Archive for ‘Xmas 2012: The Snowmen’
September 26th, 2013
see-the-tracklisting-for-new-christmas-soundtrack

As previously announced, Silva Screen will be releasing a Christmas Specials soundtrack next month (21st October).

The album will feature music as heard in the last two festive episodes, The Doctor, The Widow and The Wardrobe (2011) and The Snowmen (2012), and it will come with a reversible booklet to display a respective cover for each.

It’ll be the ninth compilation release of Murray Gold’s Doctor Who scores, the most recent being the Series 7 album.

Check out the covers and track listing for the new soundtrack below. What do you think?

Tracklisting as follows:

The Doctor, The Widow and The Wardrobe
1. Geronimo
2. Dressed In A Hurry
3. Bumps
4. Ditched At Sea
5. Madge’s Theme
6. Armchair Waltz
7. I Know
8. Quite A Tree
9. Into The Present
10. Baubles
11. The King
12. The Queen
13. Interrogation
14. Lifeboat
15. You’re Fired
16. Flying Home For Christmas
17. Safe Landing
18. Never Alone At Christmas
19. Friendship
The Snowmen
20. A Voice In The Snow
21. What’s Wrong With Silly
22. Psychotic Potato Dwarf
23. Remember The Worm
24. Clara Who
25. Clara In The TARDIS
26. Governess Clara
27. Hello Mates
28. One Word
29. Sherlock Who
30. Antifreeze
31. Clara Lives
32. Whose Enigma

See the latest Doctor Who products on sale now via our merchandise section!

September 15th, 2013
doctor-who-christmas-specials-soundtrack-details

Silva Screen have announced they’ll be releasing a Doctor Who Christmas Specials soundtrack next month.

The album will feature music as heard in the last two festive episodes, The Doctor, The Widow and The Wardrobe (2011) and The Snowmen (2012), and it will come with a reversible booklet to display a respective cover for each.

It’ll be the ninth compilation release of Murray Gold’s Doctor Who scores, the most recent being the Series 7 album.

The ‘Doctor Who: Christmas Specials’ soundtrack will be released on 21st October 2013.

See the latest Doctor Who products on sale now via our merchandise section!

August 3rd, 2013
doctor-who-up-for-two-awards-at-bafta-cymru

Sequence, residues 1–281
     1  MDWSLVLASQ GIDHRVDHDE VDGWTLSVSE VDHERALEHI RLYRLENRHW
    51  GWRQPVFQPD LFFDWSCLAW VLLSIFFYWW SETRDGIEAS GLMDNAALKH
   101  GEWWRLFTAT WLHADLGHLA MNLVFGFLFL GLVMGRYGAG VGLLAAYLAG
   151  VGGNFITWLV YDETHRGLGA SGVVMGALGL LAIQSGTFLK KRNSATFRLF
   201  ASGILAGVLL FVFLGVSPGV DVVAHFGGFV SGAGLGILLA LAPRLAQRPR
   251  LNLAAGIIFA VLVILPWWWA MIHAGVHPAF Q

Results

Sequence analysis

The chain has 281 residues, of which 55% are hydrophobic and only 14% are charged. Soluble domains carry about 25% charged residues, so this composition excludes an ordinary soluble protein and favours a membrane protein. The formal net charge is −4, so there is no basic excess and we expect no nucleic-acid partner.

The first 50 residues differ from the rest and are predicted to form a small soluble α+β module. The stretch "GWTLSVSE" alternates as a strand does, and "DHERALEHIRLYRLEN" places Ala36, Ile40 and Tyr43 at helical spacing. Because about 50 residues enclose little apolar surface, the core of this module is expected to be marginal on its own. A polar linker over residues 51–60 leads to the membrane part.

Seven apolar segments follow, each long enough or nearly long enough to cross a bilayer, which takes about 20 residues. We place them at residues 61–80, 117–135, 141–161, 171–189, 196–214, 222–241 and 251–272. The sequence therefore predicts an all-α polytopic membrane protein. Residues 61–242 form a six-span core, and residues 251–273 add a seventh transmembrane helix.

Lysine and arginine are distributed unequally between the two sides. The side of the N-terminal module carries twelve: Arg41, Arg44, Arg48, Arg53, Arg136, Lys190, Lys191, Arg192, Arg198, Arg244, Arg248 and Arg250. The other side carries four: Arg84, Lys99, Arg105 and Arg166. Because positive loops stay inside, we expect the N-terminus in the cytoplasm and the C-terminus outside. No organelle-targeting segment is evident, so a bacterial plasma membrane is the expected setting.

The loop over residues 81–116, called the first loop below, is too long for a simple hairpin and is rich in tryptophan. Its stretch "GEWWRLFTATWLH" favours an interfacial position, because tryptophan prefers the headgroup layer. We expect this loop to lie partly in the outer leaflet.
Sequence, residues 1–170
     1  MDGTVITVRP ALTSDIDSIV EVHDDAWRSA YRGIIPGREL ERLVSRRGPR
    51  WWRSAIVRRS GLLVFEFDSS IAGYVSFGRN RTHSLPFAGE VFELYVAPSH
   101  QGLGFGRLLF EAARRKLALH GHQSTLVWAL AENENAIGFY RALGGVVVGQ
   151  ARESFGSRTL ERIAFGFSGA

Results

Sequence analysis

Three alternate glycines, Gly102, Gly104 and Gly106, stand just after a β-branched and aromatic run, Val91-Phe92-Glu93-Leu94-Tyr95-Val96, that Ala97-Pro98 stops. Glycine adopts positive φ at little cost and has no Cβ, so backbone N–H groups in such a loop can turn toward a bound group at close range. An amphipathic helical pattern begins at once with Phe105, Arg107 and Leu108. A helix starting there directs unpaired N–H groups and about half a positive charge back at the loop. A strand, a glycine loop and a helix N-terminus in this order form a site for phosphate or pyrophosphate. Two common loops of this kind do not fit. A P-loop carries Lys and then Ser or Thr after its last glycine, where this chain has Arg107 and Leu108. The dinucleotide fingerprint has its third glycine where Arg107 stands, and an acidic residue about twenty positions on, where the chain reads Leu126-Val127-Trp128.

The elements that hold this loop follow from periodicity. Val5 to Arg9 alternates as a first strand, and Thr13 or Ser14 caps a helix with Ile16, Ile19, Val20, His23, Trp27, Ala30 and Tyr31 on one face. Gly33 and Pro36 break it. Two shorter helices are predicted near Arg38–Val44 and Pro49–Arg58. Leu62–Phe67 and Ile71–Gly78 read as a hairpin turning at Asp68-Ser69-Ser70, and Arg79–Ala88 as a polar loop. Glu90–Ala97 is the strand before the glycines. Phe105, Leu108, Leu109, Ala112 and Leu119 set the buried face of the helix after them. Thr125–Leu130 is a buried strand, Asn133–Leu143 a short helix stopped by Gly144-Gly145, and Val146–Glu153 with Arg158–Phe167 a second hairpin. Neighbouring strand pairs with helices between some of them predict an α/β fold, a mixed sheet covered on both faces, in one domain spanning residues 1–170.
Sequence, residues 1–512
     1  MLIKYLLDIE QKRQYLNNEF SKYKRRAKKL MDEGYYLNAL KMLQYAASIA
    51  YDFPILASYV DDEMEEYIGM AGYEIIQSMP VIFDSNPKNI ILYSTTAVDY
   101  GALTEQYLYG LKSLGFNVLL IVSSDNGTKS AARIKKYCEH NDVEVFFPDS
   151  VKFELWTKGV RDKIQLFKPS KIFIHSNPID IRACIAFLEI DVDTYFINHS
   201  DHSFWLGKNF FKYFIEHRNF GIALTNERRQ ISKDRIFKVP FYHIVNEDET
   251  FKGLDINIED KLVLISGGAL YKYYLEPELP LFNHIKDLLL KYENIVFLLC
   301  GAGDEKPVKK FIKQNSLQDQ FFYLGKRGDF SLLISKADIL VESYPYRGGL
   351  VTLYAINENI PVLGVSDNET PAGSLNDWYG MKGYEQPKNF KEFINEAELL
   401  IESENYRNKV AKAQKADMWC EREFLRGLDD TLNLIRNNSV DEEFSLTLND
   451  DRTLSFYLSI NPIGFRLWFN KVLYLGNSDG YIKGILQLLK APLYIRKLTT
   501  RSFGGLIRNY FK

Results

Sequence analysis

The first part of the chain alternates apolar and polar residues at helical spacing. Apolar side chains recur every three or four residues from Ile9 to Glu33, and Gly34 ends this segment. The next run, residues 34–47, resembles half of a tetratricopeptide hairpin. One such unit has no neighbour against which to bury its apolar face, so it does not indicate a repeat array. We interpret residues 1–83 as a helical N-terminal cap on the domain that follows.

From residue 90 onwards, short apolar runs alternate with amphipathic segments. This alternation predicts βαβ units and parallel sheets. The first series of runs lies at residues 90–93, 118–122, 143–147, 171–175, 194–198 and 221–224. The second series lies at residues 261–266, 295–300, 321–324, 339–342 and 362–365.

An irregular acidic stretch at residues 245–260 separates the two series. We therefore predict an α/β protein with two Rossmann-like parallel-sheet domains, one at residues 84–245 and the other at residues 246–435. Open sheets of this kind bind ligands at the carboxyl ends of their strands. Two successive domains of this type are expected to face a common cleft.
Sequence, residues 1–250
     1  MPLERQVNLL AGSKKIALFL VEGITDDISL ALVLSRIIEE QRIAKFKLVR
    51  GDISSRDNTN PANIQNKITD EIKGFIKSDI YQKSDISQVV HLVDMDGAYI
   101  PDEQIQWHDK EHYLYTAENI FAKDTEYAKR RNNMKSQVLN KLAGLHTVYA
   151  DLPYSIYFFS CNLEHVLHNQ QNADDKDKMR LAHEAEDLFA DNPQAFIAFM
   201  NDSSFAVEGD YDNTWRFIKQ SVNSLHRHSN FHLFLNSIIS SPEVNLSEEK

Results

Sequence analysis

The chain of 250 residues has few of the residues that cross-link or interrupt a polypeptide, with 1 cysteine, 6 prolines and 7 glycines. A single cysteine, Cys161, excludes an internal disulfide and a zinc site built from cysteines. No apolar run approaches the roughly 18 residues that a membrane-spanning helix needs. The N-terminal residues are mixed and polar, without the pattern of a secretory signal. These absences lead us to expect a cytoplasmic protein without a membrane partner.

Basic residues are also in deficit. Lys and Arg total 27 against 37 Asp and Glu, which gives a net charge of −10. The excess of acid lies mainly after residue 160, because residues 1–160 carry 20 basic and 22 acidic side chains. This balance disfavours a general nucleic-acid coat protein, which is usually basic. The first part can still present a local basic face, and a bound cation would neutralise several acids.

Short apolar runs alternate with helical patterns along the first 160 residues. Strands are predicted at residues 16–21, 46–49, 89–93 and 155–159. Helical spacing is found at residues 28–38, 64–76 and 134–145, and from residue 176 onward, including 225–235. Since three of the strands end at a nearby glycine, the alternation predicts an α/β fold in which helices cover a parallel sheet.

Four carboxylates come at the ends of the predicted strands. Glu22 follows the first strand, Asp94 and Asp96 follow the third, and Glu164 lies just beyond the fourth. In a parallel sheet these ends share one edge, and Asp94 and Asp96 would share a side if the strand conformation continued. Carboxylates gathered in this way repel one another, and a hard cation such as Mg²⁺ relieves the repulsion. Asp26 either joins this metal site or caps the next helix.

Doctor Who is nominated for two BAFTA Cymru awards!

The editing skills of William Oswald, showcased in last year’s Christmas Special The Snowmen have been shortlisted for the Editing title, while the show’s sound team are also in the running for the Best Sound award.

The event will take place at the Wales Millennium Centre on Sunday 29th September, and we would like to wish all of the dedicated Doctor Who team the very best of luck!

April 2nd, 2013
Warning! This article and its comments may contain spoilers...
hugo-awards-trio-of-stevens-scripts-nominated

Three of Steven Moffat’s Series 7 scripts are nominated at the 2013 Hugo Awards.

Asylum of the Daleks and The Angels Take Manhattan and the Christmas Special The Snowmen are all shortlisted in the Best Dramatic Presentation Short Form category at the sci-fi awards – the winners of which will be announced on 1st September 2013 at LoneStar Con 3 in Texas.

We would like to wish Steven the very best of luck!

Past episodes to win Hugo Awards are The Waters of Mars and The Doctor’s Wife.

Series 7 will continue this Saturday on BBC One at 6:15pm in The Rings of Akhaten.

January 7th, 2013
exclusive-interview-saul-metzstein

We are delighted to be able to bring you our interview with Doctor Who director Saul Metzstein!

Saul joined the crew in Series 7 and already has memorable and acclaimed episodes to his name. He helmed Dinosaurs on a Spaceship and A Town Called Mercy, as well as the show’s accompanying Pond Life adventure, plus the most recent episode The Snowmen. With two more episodes yet to air this year, Saul has very kindly taken time out to chat to WhovianNet exclusively about life on the Doctor Who set.

He discusses his own encounters with dinosaurs, Gunslingers and killer Snowmen below.

Q. Firstly how did your involvement with Doctor Who come about and were you a fan of the show before you joined the crew?
A. I’d worked for BBC Wales before so they knew me already. I directed an episode of the first series of the reboot of Upstairs Downstairs. I think it was that, plus the fact I’d directed 2nd Unit on the new version of Dredd – with a lot of VFX shooting – that made the producers interested in hiring me.

I have to admit I wasn’t familiar with modern Doctor Who. I watched Doctor Who as a child, the Tom Baker years, but hadn’t really seen it since then. Of course I made a point of watching lots of episodes before meeting the producers. I watched the whole of Series 6, so I became a big admirer of Matt Smith’s acting and Steven Moffat’s writing. But I think somehow the format felt very familiar to me anyway.

Q. Have you always had a passion for directing? Were there any particular directors that inspired you as you were growing up?
A. I think I was about sixteen when it occurred to me that directing might be a fun thing to do. I always liked films – I’m of the generation that really noticed filmmaking when we saw the opening shot of Star Wars with the little rebel craft being chased by the Imperial Star Destroyer.

There have been lots of directors that have inspired me, although I don’t think it is very discernible in my directing style who they are. Fellini, Tarkovsky and Bertolucci were early favourites. Kubrick too. Ernst Lubitsch later on.

Q. Your first Doctor Who episode was Dinosaurs on a Spaceship. What was it like to work on such an ambitious story which relied so heavily on CGI?